One of the most popular herbs in America, basil is not only a delicious ingredient, but also boasts a number of medicinal and therapeutic qualities.

Check out all our basil varieties: Purple Opal Seed, Genovese Sweet Seed

Fresh Basil—What’s Not to Love?

Fresh Basil—What's Not to Love?

It’s probably safe to say that basil is one of America’s favorite herbs. Its tantalizing aroma makes it a favorite herb to grow indoors or outdoors proximate to living space. And, its fragrantly-sweet, slightly peppery flavor make it a delicious addition to salads, sandwiches and just about any kind of cooked dish you can imagine. Most people are familiar with it as a longtime staple in Italian cooking, but it’s ubiquitous in cuisines around the world.

Interesting Facts About Basil Plants

Fact 1
Basil—ocimum basilicum—is a tender annual and member of the mint family (Lamiaceae), which also includes oregano and rosemary, in addition to, of course, mint. Also known as Saint Joseph’s wort, there are 35 different types of basil in a variety of shapes, colors and sizes.
Fact 2
In addition to its beautiful appearance, aroma and taste, basil has been used for medicinal and a variety of other purposes throughout the ages. For example, essential oil made from basil is used to relieve a variety of health issues from gastric distress to respiratory problems. It’s also used as a skin moisturizer, toner and antibacterial aid. And it’s used in aromatherapy to reduce nervous tension and induce relaxation.

Basil Gardening Tips

Difficulty
Difficulty

Basil likes sunny, dry weather which can be a challenge in some regions.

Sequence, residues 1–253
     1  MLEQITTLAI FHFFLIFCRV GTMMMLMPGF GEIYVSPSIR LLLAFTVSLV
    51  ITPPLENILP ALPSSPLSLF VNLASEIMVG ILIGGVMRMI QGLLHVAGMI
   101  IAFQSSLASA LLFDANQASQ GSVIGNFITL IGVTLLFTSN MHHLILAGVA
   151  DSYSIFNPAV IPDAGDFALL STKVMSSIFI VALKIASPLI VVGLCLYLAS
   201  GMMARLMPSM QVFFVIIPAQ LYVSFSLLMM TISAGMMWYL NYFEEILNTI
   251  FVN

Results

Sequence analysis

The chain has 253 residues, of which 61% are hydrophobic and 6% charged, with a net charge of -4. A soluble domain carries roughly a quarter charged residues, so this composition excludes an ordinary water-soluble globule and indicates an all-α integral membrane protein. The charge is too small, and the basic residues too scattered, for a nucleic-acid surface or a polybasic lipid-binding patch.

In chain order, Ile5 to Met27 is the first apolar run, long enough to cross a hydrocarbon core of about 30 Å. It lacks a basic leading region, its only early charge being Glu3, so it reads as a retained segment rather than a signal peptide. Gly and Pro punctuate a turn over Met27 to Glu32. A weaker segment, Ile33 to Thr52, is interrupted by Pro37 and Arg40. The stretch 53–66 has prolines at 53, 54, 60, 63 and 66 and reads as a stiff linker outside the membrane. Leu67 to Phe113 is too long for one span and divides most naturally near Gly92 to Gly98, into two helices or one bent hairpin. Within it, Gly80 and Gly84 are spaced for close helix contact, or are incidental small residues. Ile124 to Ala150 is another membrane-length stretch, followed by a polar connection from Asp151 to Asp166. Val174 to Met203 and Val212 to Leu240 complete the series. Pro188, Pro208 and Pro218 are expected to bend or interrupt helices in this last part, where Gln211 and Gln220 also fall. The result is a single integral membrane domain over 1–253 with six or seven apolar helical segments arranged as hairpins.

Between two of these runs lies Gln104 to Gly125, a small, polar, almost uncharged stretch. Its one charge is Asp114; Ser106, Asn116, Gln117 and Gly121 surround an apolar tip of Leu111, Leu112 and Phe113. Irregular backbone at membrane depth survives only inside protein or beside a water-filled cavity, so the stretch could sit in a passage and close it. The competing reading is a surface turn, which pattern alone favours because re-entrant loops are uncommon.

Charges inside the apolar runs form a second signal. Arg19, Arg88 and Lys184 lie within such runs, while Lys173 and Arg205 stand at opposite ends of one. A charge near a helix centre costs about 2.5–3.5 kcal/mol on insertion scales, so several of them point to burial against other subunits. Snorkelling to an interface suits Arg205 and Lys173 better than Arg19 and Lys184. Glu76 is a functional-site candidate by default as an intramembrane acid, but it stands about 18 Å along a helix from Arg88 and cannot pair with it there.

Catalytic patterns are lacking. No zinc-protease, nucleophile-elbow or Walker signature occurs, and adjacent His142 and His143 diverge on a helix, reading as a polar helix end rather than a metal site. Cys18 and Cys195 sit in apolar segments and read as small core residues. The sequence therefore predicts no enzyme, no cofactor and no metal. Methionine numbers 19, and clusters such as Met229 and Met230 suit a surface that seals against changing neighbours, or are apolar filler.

Sun
Sun

Minimum of 6 hours; 8 hours is better

Water
Water

Keep soil moist but be careful not to over-water; basil doesn’t like to be too wet and can tolerate brief dry periods. As always, be sure to water gently when seeds are first planted and just after seedlings appear.

Soil
Soil

Well-drained, warm, rich in organic matter; pH can range from 5.5-7.0. Basil requires warm soil to grow: at least 70°F.

Air
Air

70°F is ideal

Timing
Timing

In northern zones, plant seeds indoors 6 weeks before the last anticipated spring frost or direct sow outdoors about two weeks afterward.

Planting
Planting

Plant seeds ¼” deep. Basil needs good air circulation so thin plants to at least 9-12 inches apart (refer to seed packet for details)

Germination
Germination

5-10 days

Feeding
Feeding

Organic fertilizer can be added at outdoor planting time or 3 weeks after transplanting

Mulch
Mulch

Important to keep the ground around them from drying out.

Pests & Diseases
Pests & Diseases

Basil is susceptible to some diseases which may originate from your soil; be careful when watering not to splash wet soil up onto your plants. As always, it’s best to water in the morning. Be sure plants have plenty of air circulation. Insect pest threats include aphids, slugs and Japanese beetles.

Special Considerations
Special Considerations

Basil tends to grow fast and become leggy in hot weather. You must pinch back the plants to make them bushier and eliminate any flowers that appear.

Companion Plants
Companion Plants

Tomatoes, parsley, lettuce and peppers

Container-Friendly
Container-Friendly

Yes! Be sure the container has plenty of drainage holes

Harvesting Basil

Harvesting BasilBasil can be harvested as soon as the true leaves appear, though you should wait until you plants mature a bit. You can continue to harvest all season long as the plants continue to grow. Harvest leaves from the top half of the plant.

Growing Basil—Highlights

  • Among the most popular herbs, it can be used in a variety of recipes, medicinal, and home remedies
  • Grow it to make your own delicious pesto or caprese salad
  • It’s a beautiful, fragrant addition to your garden and may deter mosquitoes
  • Basil thrives in sunny, hot, dry weather and is particularly sensitive to cold weather
  • Basil dries and freezes well so you can use it year-round
  • It contains a number of important nutrients including essential Vitamin K
  • Attracts important pollinators such as bees and butterflies

Here at Bentley Seeds, we want to set you up for success. Our growing guides are designed to give you all the information you'll need to start growing from seed, in an easy-to-digest format.

We also encourage you to print out a copy as a handy reference in your garden.